Help to save
Government consultation on “Help to Save” scheme
Last week we submitted evidence to the Government on its plans for a “Help to Save” scheme, to support people on low incomes to build up savings for a ‘rainy day’. We saw this as a good opportunity to make sure that the voices of people with mental health problems are heard and that this new financial product is as useful as it can be for all of us.
The Government’s plan is to develop “Help to Save” bank accounts and to pay account holders a bonus of 50% on savings they put in, up to a total of £25 bonus per month. While the exact details are still being developed, you can find out a bit more here. Our response to the consultation focused on making sure that the scheme is accessible for people with mental health problems, so that nobody has to miss out because of their mental health, and that the model doesn’t disadvantage people whose mental health affects their financial management.
What did you think?
Much of the evidence we drew upon in our response came from a survey about savings behaviour that we sent to our research panel.
The findings were clear: most of the people who responded save nothing, or only a small proportion of their income, but almost everybody wanted to save more.
So what could be done to help?
People told us that savings accounts are often confusing, that they would prefer an account that is simple and clear, that offered guidance with account management and provided tools, so that they could track their savings.
“[I want] Simple information, tailored to my need.”
People also asked for an account that could protect their savings from themselves when they aren’t well. They wanted to be allowed to take out money from time to time, but prevented from making frequent withdrawals and impulsively eating away at their savings.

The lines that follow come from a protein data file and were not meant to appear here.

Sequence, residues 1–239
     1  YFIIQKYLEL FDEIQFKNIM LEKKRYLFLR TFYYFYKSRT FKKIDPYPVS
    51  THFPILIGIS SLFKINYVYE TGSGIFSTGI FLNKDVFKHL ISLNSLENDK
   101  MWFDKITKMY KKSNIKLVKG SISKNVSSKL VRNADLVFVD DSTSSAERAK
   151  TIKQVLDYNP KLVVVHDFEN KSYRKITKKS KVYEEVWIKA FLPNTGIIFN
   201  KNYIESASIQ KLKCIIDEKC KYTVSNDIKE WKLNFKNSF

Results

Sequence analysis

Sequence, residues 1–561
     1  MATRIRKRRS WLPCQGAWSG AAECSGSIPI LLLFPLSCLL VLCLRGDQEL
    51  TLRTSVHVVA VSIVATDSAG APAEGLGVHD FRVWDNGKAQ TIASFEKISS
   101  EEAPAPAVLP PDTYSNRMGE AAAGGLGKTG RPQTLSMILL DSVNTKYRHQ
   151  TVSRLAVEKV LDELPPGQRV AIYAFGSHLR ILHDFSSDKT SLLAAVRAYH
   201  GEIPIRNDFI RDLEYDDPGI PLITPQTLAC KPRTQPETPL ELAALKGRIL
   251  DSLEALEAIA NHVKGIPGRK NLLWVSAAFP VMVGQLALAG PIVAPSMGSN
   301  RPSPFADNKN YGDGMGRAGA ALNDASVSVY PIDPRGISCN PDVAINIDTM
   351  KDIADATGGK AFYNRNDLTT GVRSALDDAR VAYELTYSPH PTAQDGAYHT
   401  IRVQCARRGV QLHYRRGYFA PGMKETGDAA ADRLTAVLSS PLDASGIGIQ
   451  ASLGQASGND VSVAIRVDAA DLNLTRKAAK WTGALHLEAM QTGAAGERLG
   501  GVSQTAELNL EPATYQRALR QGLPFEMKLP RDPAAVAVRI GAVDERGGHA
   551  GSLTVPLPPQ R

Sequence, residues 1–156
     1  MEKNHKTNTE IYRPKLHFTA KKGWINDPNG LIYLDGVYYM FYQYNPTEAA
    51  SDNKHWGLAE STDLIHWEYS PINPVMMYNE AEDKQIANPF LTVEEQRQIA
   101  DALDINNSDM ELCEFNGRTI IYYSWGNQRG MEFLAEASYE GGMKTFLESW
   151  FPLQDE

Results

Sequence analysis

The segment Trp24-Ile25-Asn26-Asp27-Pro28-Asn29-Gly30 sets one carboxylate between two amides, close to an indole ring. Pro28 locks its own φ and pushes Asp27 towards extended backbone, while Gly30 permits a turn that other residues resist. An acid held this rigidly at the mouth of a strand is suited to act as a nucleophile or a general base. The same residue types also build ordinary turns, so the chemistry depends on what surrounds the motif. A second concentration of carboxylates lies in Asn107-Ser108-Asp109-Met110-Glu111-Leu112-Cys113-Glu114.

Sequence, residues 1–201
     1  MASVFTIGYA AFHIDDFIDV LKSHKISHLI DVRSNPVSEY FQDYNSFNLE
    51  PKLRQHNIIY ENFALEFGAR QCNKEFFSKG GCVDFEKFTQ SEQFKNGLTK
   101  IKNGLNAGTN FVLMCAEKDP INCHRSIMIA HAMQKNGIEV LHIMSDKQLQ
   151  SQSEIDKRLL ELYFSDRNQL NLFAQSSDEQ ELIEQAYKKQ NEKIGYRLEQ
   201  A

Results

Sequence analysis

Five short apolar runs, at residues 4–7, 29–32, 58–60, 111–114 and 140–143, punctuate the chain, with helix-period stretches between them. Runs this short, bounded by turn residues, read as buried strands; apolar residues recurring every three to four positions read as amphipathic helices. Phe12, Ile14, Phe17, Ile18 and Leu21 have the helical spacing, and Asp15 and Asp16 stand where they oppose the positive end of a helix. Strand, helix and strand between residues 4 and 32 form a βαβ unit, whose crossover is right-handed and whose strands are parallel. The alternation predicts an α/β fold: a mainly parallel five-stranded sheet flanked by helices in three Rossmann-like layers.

“[I’d like] a savings account that you can’t keep taking your money out of regularly and…limits on withdrawal so that I can save money rather than just taking out the money as and when I feel like it.”
What did we say?
Our main message was that lots of people with mental health problems would like to save more, and that they would like clearer, more supportive financial systems to help with this.
We also made a number of technical suggestions about the design of the Help to Save scheme. Mental health problems can often influence what kind of access people need from a bank account; some people struggle with telephone or face-to-face contact, so prefer to use online banking, whilst others are only comfortable dealing with a local branch. So, we recommended that Help to Save accounts have a full range of access options, and that people are able to choose how their bank contacts them. For example, someone could choose not to be contacted by letter, if this is something that they find particularly stressful.
“I need to see a person. I can’t cope with all this online banking stuff.”
“I find that I am able to use online facilities, but not the phone”
Here are some of our key recommendations:
Information about Help to Save accounts should be presented in a clear and straightforward way, so that people can understand how the accounts work.
Additional support should be offered, to help users through the application process and with their account management.
Help to Save accounts must have a full range of access options, including both online and in-branch support.
Help to Save customers should be able to choose how they are contacted, and this choice should be followed wherever possible.
Help to Save customers should be able to put withdrawal limits in place, so that they can’t impulsively spend all of their savings when unwell.
The Government will take some time to look at our evidence, as well as evidence from other organisations, before reporting back with its plans. We hope that our recommendations will be taken on board, and that the plans will be inclusive, so that people with mental health problems are not left out
The aim is for Help to Save accounts to be available by no later than April 2016, but this may be subject to change. We will keep you updated and will let you know how the Government responds to our evidence.
Finally, I’d like to personally thank everybody who took the time to respond to our survey, more than 200 people got back to us in just a few days. Our research panel is a key part of our policy work, so If you’re not part of it and you either have personal experience of mental health problems, or care for someone who does, please do get involved.